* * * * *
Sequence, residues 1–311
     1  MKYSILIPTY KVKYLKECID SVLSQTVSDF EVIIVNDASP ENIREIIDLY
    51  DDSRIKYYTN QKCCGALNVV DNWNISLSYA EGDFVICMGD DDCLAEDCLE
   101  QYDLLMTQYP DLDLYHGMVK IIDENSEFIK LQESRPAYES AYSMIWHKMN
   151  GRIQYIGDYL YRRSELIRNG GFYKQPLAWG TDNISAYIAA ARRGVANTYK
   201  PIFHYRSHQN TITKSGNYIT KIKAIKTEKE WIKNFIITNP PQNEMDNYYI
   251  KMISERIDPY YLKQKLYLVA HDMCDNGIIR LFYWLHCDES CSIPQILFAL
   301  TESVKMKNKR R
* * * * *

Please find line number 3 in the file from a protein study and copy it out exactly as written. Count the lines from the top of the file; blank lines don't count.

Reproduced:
    51  DDSRIKYYTN QKCCGALNVV DNWNISLSYA EGDFVICMGD DDCLAEDCLE